The Q1 earnings report card that has been the market’s focus in recent days is showing at best an ‘average’ or even ‘below average’ grade. The spotlight today is on the economy, with the Q1 GDP report this morning providing an image of improved health after the mediocre performance in the preceding quarter, even though the report itself came short of expectations.
The unsettling aspect of the GDP report is not so much that it missed expectations, but that even this elevated growth pace is not reflective of the economy’s current underlying growth momentum. We knew that the U.S. economy had lost steam in March after strong momentum in January and February – the evidence was overwhelmingly pointing in that direction. The Q1 GDP report will go through two further rounds of revisions and those revisions will most likely be to the downside. As such, the final Q1 GDP growth tally will most likely be even lower.
The consensus view ahead of the GDP report was for the growth pace to slow down materially in Q2 (Q1 was expected to come in at +3.2% vs. the +2.5% we actually got this morning), but start going back up in the second half of the year to the +3% level. With the sequester and other tax law changes finally showing up in economic data, it is hard to continue holding on to that view. But we have yet to see any material negative revisions to second half estimates.
The GDP report is all the rage today, but let’s not forget that we are in the midst of the Q1 earnings season. Including this morning’s results from Chevron (CVX), D.R. Horton (DHI), and others, we now have Q1 results from 268 S&P 500 companies that combined account for 64.1% of the index’s total market capitalization.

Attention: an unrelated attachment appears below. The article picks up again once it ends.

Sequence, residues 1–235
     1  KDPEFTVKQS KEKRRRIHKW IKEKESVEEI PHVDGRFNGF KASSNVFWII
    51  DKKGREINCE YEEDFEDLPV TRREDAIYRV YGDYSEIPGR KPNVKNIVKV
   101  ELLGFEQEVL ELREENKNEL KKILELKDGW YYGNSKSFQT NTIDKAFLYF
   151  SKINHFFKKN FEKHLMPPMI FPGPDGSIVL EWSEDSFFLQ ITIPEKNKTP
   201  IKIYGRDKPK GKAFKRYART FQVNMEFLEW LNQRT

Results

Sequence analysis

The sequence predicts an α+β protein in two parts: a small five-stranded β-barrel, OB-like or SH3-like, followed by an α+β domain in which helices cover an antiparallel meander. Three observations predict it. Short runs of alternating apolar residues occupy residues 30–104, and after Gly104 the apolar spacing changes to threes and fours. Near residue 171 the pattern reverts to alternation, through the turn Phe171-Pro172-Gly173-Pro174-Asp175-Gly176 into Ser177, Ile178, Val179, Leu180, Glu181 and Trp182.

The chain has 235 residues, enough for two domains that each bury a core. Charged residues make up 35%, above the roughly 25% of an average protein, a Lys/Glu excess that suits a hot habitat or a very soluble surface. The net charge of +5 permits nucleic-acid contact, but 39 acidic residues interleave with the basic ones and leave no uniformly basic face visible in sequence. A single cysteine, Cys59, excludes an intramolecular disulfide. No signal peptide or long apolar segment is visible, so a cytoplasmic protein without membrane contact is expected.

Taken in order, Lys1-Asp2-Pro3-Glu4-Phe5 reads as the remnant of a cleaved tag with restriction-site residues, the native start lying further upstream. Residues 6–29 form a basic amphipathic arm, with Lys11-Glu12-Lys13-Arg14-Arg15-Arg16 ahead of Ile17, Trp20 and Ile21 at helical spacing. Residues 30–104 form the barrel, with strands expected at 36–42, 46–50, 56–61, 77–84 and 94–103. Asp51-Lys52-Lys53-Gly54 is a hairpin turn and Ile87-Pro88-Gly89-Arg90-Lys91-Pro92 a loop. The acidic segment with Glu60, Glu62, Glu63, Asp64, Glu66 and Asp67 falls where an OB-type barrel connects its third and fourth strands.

Total earnings for these 268 companies are up +2.7% from the same period last year, with 67.5% beating earnings expectations. Revenues are down -1.1%, with only 38.4% of the companies coming ahead of top-line expectations. The median surprise is +3.2% on the earnings side and negative -0.4% on the revenue side thus far. The +2.7% earnings growth rate is up from +1.6% gain for the same group of companies in 2012 Q4, but roughly in-line with the 4-quarter average earnings growth rate of +2.5% for the same cohort of companies. The revenue decline of -1.1% compares to the up +0.9% growth rate in Q4 and the 4-quarter average revenue growth pace of +0.5%.
The Q1 earnings season is essentially in-line with what we have been seeing in recent quarters. But two elements nevertheless stand out. First, positive revenue surprises are very hard to come by. Secondly, results for the all-important Technology sector have been weaker than expected and below the broader aggregates. No doubt, Technology shares have underperformed the S&P 500.
Just like second half GDP expectations, consensus estimates peg corporate earnings growth to pick materially in the back half of the year and then continue into 2014. As regular readers know, I have had a lot trouble buying into this happy narrative. Perhaps GDP growth and corporate earnings don’t matter any more, as the market’s recent performance shows. This line of thinking would imply that as long as you have the Fed on your side, you don’t need to worry about pesky issues like the economy and earnings.
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